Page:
In a city as large as Los Angeles, it would be nearly impossible to dictate land use policy at the General Plan level. As such, the city has been divided into 35 Community Plan Areas. The South and Southeast Los Angeles Community Plans are adjacent to each other and have been updated on a concurrent timeline, starting with extensive community outreach by City Planners from 2007 to 2009. A series of unforeseen circumstances resulted in delays to the updates, however in November 2016 the Draft Environmental Impact Report (EIR) was released for public comment.
The draft Community Plans and EIR were heard by the Los Angeles City Planning Commission on June 22, 2017 at the Crenshaw Christian Center, the first time a Commission meeting took place in South Central Los Angeles and a momentous occasion. Over 200 community members came out to the hearing which started at 8:30am and lasted most of the day. The Community Plan Updates are designed to consider population and economic growth into the land uses across South Los Angeles to ensure that development can meet growing demand. Planners have proposed to concentrate new development around transit corridors while preserving single family home neighborhoods and these plans include Community Plan Implementation Overlay Districts (CPIOs) as a tool for implementing the new plans and policies.
In addition to public comments, the UNIDAD Coalition presented The People’s Plan which was developed in partnership with local South LA stakeholders to guarantee that the people living, working, and playing in South LA (and across the city) are the top priority of the Community Plans. The People’s Plan prioritizes affordable housing, economic opportunities, and environmental health for South LA community members and is meant to strengthen the community and prevent displacement, and was introduced to the city planners earlier this month. During the hearing, the City Planning Commission and City Planners agreed to incorporate most of The People’s Plan into the South and Southeast LA Community Plan Updates. Some markups were made to the document publicly, and will be available online in the near future. This major win for South LA can be attributed to extensive community engagement, advocacy, and education about the planning process. When community-based organizations, community members, and public agencies work together, justice can be won!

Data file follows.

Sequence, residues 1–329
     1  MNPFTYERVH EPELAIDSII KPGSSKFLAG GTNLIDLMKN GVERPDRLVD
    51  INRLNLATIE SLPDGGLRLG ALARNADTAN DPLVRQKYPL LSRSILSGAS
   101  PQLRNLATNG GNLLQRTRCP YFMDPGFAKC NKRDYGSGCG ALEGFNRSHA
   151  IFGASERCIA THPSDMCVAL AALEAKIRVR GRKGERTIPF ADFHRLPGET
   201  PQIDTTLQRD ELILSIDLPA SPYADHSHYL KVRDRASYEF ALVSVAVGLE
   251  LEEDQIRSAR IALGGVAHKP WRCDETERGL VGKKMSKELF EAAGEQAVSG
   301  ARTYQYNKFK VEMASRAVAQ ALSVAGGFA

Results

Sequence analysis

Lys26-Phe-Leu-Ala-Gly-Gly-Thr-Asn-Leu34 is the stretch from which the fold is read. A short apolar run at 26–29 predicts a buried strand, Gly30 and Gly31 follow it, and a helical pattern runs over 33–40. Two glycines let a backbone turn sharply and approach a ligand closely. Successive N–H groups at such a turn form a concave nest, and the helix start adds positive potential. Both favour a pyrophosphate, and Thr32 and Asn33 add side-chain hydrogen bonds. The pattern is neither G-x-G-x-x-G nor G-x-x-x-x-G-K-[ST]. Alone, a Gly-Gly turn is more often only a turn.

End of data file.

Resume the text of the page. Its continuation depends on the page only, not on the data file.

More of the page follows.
Several community members expressed concern about the lack of community engagement and outreach on the part of City Planners. This concern can be at least partially attributed to the fact that the majority of community outreach took place up to 10 years prior to this hearing. We encourage our planners to continue to enhance their outreach efforts in this ongoing process. Ultimately, the City Planning Commission approved both Community Plan Updates with friendly amendments. The next step is to finalize the Draft EIR and send the plans to City Council Planning and Land Use Management (PLUM) Committee for review. CHC will continue to monitor the process and provide updates as they unfold.